Waterford research will enhance therapy of rare disease
Waterford Institute of Technology (WIT) is to begin developing enhanced gene therapy treatments for the rare human disorder Canavan disease. WIT will collaborate with the University of Massachusetts Medical School (UMASS) in leading this exciting new PhD project.
Canavan disease (CD) is caused by a mutation in one gene, which leads to the loss of an enzyme (ASPA, a protein which carries out reactions in the body) and consequently a build-up of a chemical in the brain. Symptoms of CD include intellectual disability, loss of motor skills, abnormal muscle tone, and visual degeneration, with most CD patients dying in childhood.
Leading this project is Dr Lee Coffey, a lecturer and researcher in the Science Department in WIT. Dr Coffey leads the Molecular Biotechnology and Biopharmaceutical Research Group which is part of the PMBRC. The research group has demonstrated success in researching various genes and enzymes, answering needs in industrial and biopharmaceutical spaces, with numerous publications and patent applications under its belt.
Dr Coffey expanded the focus of the group to target genes/enzymes associated with rare diseases that are not addressed by pharmaceutical companies. Other WIT researchers to be involved in this project include Dr Laurence Fitzhenry and Dr Tríona Dooley-Cullinane, who also have extensive research and commercialisation experience in the biotechnology/biomedical activities at WIT.
A PhD candidate on WIT’s structured PhD programme will also work on the research. The PhD position is funded by the WIT PhD Scholarship Programme for a 4-year research project and applications are open until 26 April.
Dr Coffey said: “I’m delighted to see this project about to become realised and to see WIT involved with world-class researchers at UMASS. This project will involve advanced skills and topics that are becoming very relevant in the biopharmaceutical sector, which are also covered well in BSc Hons in Molecular Biology with Biopharmaceutical Science delivered at WIT.”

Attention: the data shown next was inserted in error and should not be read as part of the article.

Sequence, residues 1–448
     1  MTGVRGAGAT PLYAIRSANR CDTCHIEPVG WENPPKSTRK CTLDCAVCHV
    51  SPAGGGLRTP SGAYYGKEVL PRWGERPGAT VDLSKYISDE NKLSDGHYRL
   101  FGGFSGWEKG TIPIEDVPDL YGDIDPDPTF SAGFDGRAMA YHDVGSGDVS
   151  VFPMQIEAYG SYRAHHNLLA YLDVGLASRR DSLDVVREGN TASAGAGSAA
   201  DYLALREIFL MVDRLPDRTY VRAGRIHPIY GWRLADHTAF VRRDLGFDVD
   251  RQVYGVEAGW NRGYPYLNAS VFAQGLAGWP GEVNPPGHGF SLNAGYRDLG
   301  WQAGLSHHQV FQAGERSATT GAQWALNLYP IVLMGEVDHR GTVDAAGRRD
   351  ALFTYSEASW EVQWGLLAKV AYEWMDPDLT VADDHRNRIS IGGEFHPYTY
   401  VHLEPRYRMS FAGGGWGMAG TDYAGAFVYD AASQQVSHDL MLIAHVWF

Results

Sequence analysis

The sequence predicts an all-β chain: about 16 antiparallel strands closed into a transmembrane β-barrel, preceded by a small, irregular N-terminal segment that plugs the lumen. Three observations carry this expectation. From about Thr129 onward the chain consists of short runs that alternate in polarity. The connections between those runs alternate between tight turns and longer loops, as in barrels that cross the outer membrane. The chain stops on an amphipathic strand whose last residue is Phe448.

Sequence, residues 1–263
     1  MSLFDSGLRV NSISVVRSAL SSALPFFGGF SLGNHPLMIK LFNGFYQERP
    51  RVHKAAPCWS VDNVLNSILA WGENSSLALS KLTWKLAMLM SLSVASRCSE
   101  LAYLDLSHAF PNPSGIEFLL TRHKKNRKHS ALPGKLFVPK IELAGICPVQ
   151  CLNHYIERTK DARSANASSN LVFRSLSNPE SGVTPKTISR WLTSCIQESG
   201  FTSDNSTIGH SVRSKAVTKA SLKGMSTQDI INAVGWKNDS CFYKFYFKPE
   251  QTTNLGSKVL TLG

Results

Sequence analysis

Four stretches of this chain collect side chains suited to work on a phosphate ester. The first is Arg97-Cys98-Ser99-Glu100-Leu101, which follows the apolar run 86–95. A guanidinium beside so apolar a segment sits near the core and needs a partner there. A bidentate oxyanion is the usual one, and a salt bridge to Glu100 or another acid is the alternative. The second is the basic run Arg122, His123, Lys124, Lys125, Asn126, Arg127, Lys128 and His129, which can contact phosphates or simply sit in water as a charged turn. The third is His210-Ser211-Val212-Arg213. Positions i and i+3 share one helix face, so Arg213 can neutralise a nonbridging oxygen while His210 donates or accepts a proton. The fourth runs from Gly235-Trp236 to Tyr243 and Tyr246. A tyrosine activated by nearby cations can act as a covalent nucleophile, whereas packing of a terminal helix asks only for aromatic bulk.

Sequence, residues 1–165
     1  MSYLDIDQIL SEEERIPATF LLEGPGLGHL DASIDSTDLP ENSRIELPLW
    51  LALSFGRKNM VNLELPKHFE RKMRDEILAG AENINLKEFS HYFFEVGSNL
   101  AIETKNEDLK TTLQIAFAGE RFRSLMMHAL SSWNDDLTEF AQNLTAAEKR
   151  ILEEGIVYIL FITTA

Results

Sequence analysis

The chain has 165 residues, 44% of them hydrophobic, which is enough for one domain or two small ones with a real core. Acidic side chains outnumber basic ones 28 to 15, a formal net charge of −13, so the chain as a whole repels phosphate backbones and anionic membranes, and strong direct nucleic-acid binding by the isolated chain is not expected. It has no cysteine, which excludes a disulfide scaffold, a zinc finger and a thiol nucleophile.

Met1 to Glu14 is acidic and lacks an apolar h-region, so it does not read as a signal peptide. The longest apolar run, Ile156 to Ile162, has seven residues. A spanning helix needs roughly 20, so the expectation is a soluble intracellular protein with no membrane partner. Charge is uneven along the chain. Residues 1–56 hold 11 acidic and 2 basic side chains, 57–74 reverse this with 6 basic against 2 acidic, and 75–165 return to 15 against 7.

Professor Guangping Gao of UMASS will co-supervise this project and has extensively researched CD and potential gene therapy solutions for many years. This work has resulted in the successful treatment of mice with CD as disease models. Prof Gao is the Penelope Booth Rockwell Professor in Biomedical Research, professor of microbiology & physiological systems, director of the Horae Gene Therapy Center and co-director of the Li Weibo Institute for Rare Diseases Research. Prof Gao was also recently ranked one of the world’s top translational researchers by Nature Biotechnology.
This project aims to develop an enhanced ASPA protein using molecular biology techniques at a genetic level, with in-vitro testing at WIT and in-vivo gene therapy testing against disease models in UMASS. Gene therapy treatments already under development in Prof Gao’s lab may benefit from an enhanced gene being delivered to CD sufferers, meaning that the resulting enhanced ASPA enzyme may treat CD more efficiently. It is hoped that this research will inform an enhanced gene therapy for future human CD patient treatments.
Applications are invited for this PhD position funded by the WIT PhD Scholarship Programme, for a 4-year research project. The candidate is expected to be self-motivated, capable of working on his or her own initiative and fit in with the friendly atmosphere within the wider research team.
The candidate will be enrolled on the WIT structured PhD programme and will have the opportunity to complete a short secondment to the US-based UMASS/Horae Gene Therapy Center with co-supervisor Prof Guangping Gao to analyse potentially enhanced gene therapies using disease models.
The PhD project will cover fees in addition to a personal stipend and research expenses. Find more information and how to apply before the 26 April 2019 closing date here.